New 'Star Trek' is rarely familiar to '80s ancestors
J.J. Abrams probably grew up a Star Trek fanatic, because his new Star Trek movie basically shows off his love of the franchise. He has all the main characters' cliches down pat, his young crew of actors nail the mannerisms and his movie has all the ingredients of a classic '80s Trek film.
There’s even a scene dedicated to the beloved Kobayashi Maru. Longtime fans will squeal in delight watching Cadet Kirk defeat the training exercise designed to test a person’s response to a no-win scenario. (And chuckle at the new backstory behind the once-futile drill.)
Still, his take on the franchise is very much a step outside of what '80s fans are used to. After getting a sneak preview on Saturday, here are five examples that come to mind. Don't worry -- I won't give away any real surprises:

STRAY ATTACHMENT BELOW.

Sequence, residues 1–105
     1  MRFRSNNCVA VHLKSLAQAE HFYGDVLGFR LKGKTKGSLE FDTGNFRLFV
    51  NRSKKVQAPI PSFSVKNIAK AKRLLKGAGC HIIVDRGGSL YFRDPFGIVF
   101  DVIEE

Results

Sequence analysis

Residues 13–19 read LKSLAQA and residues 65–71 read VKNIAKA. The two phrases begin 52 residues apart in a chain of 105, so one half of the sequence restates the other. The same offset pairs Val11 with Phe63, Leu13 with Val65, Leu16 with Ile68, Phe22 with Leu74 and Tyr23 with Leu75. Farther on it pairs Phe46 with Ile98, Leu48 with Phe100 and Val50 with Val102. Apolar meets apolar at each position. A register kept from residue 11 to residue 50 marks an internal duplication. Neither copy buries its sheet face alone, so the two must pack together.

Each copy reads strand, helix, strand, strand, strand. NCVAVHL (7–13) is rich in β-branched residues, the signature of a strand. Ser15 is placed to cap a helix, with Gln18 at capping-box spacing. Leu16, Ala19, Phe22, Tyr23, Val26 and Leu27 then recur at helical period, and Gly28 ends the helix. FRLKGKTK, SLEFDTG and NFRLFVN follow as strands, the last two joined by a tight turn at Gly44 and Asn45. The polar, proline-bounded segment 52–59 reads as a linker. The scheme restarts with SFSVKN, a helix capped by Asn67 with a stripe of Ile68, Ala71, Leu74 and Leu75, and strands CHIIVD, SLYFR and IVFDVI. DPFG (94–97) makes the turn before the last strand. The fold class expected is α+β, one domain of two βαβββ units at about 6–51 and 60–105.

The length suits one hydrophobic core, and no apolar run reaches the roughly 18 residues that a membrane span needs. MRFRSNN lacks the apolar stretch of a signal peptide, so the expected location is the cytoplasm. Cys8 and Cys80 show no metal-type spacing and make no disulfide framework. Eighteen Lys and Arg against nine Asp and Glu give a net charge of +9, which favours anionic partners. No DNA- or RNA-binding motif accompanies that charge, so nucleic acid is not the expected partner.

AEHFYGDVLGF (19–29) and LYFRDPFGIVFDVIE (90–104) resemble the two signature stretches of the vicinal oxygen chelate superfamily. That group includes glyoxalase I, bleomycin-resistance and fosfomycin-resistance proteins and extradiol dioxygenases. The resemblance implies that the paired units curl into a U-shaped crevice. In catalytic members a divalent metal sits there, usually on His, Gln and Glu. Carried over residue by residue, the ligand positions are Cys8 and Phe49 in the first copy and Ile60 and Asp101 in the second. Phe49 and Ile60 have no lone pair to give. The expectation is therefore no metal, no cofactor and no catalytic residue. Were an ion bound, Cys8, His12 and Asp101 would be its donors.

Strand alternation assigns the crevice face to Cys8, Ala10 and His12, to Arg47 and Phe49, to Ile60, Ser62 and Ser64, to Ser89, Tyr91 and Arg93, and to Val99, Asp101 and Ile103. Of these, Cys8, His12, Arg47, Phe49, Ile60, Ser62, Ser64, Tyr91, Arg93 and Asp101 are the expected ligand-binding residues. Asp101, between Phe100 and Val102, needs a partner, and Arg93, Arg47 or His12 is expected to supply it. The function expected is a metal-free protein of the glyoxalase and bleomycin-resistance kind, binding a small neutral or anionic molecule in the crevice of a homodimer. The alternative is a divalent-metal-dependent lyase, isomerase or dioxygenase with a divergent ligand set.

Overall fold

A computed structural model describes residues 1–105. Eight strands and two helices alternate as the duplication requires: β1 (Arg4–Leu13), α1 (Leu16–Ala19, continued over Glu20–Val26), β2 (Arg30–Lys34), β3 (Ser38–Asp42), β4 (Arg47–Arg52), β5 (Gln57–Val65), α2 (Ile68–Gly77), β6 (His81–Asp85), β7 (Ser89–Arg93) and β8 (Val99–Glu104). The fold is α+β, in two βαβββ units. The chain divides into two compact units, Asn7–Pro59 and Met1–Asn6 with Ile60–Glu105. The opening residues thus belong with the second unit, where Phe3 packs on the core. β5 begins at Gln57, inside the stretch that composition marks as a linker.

1. IT'S MEN IN BLACK ... STAR TREK EDITION: Unlike the subtle Trek humor we’re used to, the jokes here hit like a hammer to the head.
2. A KISS IS ON HER LIST: Uhura is still the sex object, but her “first kiss” -- like the controversial one in 1968 between William Shatner and Nichelle Nichols -- opens up a totally different story line.
3. WHAT'S NEXT ... 'THE SEARCH FOR CHEWBACCA'? The aliens here are more of the Star Wars cantina variety -- funny-looking, but still rather anonymous and forgettable. Why not use a beloved, blue Andorian or those pesky Cardassians instead?
4. IT'S NOT SHIP SHAPE: The Enterprise’s bridge is far too advanced for this point in history. And oddly enough, while the bridge seems -- pardon the pun -- light years ahead in technology, the rest of the ship looks like the city waterworks department or the luggage claim area at some third-world airport.
5. WHAT WOULD GENE SAY? The intellectualism of the TV shows and original movies is missing here, replaced instead with a Wild West attitude. Granted, this movie seems to take place just at the infancy of the Federation of Planets, whose role is described as defense-oriented rather than focused on deep space exploration. No “Prime Directive” is mentioned or even practiced here.
Would the late Gene Roddenberry approve of this vision of the Star Trek he created? We’ll never know, but he’d sure be entertained.